Sales of newly built, single-family homes fell 3.3 percent to a seasonally adjusted annual rate of 440,000 units in February, according to figures from the U.S. Department of Housing and Urban Development and the U.S. Census Bureau.
"There is no doubt that the persistently bad weather took a toll on sales in February," said Kevin Kelly, chairman of the National Association of Home Builders
(NAHB) and a home builder from Wilmington, Del. "However, builders continued to increase their inventory of for-sale homes, indicating they still anticipate a relatively strong spring buying season."
"We still expect 2014 will be a strong year for housing," said NAHB chief economist David Crowe. "The first two-month average of 2014 is exactly in line with where 2013 left off. If not for the unusual weather, we would easily be ahead of last year's pace. We also continue to see household formations and pent-up demand driving sales forward."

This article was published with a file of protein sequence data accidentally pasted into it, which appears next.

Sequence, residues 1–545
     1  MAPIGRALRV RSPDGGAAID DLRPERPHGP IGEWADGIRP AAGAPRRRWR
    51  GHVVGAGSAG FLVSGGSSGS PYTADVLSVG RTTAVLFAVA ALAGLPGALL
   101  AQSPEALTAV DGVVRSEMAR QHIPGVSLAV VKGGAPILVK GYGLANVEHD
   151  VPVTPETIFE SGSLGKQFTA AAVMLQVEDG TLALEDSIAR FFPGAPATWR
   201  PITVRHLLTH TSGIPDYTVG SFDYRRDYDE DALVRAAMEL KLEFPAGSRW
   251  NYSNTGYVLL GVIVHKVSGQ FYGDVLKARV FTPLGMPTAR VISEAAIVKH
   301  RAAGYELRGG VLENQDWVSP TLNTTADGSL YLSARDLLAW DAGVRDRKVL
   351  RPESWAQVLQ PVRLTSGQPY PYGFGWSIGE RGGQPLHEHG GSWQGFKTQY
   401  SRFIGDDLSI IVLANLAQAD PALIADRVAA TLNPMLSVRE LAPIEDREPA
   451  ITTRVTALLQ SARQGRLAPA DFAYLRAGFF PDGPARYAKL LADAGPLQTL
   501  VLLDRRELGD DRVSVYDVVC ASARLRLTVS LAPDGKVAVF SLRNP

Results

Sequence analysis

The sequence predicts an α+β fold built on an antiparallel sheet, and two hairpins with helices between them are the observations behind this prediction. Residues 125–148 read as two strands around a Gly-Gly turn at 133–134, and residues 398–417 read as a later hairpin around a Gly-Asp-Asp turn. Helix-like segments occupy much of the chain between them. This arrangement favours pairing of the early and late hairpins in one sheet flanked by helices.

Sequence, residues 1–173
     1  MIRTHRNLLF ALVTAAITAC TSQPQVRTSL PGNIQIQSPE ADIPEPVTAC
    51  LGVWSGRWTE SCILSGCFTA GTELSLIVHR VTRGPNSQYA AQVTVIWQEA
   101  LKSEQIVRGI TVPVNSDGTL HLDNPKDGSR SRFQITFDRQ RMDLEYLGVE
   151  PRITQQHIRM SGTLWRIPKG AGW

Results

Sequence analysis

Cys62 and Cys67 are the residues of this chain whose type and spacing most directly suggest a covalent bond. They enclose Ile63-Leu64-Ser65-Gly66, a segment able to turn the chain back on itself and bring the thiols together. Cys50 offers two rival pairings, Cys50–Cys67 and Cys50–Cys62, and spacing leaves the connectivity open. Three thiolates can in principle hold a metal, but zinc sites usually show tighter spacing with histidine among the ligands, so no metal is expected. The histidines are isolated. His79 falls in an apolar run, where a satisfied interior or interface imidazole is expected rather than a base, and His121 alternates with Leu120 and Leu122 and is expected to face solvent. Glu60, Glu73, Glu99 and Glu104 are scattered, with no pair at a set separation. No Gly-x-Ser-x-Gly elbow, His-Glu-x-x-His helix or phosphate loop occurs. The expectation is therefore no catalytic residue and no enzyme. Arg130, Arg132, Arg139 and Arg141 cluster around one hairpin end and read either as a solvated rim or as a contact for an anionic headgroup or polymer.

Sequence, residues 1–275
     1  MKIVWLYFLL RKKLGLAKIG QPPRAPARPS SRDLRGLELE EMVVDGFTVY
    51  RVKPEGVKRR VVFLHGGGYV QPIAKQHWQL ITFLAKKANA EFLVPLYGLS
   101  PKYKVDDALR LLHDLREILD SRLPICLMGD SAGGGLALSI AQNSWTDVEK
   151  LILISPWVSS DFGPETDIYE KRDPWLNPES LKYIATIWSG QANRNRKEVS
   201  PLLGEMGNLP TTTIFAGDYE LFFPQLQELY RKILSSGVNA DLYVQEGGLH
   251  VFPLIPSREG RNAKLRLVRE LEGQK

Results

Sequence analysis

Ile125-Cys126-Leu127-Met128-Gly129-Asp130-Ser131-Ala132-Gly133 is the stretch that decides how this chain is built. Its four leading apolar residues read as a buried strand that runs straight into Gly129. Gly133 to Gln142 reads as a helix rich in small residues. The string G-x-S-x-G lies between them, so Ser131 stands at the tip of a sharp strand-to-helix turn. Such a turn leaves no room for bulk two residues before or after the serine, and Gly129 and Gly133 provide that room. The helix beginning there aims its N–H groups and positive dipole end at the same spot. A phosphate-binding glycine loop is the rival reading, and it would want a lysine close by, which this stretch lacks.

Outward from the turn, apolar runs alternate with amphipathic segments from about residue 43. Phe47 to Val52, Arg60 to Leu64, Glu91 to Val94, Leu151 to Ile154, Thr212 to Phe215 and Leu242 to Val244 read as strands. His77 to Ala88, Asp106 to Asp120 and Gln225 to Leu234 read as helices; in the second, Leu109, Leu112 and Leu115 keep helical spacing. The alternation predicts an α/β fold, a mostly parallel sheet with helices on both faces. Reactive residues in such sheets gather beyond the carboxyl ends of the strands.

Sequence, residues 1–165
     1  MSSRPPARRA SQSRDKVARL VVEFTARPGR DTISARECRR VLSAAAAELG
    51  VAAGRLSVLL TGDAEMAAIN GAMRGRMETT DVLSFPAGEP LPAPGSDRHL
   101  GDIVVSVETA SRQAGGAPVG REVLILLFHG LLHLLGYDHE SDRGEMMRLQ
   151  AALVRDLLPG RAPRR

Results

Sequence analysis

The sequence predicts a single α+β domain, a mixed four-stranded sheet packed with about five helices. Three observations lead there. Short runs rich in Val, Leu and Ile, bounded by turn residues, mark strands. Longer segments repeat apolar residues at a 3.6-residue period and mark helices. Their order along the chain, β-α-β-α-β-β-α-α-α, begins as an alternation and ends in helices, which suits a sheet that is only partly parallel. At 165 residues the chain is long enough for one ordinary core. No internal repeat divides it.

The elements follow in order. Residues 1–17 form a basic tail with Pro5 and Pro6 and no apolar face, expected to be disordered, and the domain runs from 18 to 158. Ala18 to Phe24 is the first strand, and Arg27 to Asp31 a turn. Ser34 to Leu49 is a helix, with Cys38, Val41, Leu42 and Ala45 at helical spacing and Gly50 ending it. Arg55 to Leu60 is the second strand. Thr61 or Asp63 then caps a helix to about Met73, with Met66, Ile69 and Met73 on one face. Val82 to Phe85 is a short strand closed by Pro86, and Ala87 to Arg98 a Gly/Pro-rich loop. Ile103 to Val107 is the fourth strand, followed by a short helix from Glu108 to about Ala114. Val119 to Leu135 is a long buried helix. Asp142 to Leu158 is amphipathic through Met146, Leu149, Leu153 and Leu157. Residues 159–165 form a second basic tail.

Regionally, new-home sales activity fell 32.4 percent in the weather-battered Northeast, 1.5 percent in the South, and 15.9 percent in the West. The Midwest posted a gain of 36.7 percent, stemming from an unusually low January figure.
The inventory of new homes rose to 189,000 units in February, a 5.2-month supply at the current sales pace.